After years of financial woes, Los Angeles hospital running out of prayers
Many years ago, Gilbert San Juan watched as a wrecking ball demolished the old St. Vincent Medical Center.
An elevator operator and painter there at the time, San Juan wanted to fetch some old furniture from the building, but backed down after seeing the massive, threatening ball hanging from a crane.
Still, he knew he would enter its doors again, when the new hospital near downtown Los Angeles sprung just yards away from the old. For 47 years, San Juan worked in that facility.
So it hasn’t quite hit him that the hospital might actually shutter for good after its owners announced that a sale fell through, he said. Verity Health asked a bankruptcy court for permission to close its doors. A judge gave approval for the closure last week.
“They’re going to have to call the SWAT team to get me out of here,” San Juan joked as he walked through the hospital hallways.
Pointing at a sepia-toned framed photograph of the old building labeled “1927,” San Juan declared: “It was beautiful.”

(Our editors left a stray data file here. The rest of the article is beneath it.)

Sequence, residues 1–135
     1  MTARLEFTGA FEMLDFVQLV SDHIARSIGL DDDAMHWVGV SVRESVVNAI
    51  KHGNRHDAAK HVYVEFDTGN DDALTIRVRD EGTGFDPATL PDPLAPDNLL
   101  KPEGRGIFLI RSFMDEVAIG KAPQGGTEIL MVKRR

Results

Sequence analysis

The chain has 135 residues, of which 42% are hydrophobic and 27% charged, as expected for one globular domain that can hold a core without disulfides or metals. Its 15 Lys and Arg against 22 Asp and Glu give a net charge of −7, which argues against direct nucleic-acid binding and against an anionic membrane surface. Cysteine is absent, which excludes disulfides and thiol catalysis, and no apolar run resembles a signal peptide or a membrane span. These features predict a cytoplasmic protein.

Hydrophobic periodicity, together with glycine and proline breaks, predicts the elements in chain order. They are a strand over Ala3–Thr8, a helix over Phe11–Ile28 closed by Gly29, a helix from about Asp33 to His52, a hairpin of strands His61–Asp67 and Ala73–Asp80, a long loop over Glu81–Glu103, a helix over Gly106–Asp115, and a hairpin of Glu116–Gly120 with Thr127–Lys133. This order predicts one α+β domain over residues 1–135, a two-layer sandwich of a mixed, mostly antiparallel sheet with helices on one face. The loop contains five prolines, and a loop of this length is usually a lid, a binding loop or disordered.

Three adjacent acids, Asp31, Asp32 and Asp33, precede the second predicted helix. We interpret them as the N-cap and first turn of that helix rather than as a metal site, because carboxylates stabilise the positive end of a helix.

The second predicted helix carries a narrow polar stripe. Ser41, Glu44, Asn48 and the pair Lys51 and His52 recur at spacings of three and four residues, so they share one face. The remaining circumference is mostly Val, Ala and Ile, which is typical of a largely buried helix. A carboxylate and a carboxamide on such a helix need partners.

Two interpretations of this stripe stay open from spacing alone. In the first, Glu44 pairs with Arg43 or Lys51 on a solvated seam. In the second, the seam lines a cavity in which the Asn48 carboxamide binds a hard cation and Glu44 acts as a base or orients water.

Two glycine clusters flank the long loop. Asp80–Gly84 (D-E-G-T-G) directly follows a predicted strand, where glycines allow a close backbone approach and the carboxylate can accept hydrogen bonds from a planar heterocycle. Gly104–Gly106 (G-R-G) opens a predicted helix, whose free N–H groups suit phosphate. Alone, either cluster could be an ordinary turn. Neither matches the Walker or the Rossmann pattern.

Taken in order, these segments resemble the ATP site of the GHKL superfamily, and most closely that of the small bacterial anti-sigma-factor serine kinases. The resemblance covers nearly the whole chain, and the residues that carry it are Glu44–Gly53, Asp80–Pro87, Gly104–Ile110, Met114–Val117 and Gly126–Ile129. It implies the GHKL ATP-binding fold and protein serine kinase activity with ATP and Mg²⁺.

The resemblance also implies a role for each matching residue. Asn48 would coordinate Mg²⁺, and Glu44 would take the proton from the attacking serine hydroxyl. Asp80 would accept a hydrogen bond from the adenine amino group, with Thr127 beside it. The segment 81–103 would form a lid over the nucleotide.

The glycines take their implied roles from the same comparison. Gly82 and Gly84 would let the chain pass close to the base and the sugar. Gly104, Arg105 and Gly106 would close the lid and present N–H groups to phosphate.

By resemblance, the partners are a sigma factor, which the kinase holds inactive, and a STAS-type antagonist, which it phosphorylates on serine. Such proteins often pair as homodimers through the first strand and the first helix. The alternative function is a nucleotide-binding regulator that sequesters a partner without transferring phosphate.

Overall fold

St. Vincent Medical Center on 3rd and Alvarado streets was founded in 1858 by the Daughters of Charity — six nuns who wanted to offer services to the poor and saw a need for healthcare in a growing L.A.
Now, several hundred patients will need to be transferred to nearby Good Samaritan Hospital and St. Francis Medical Center. Community leaders and experts fear the hospital’s closing will have a ripple effect throughout the community and force the poor and elderly to travel farther away for care.
About 1,000 people, including San Juan, work at the hospital and it is unclear what will happen to those jobs.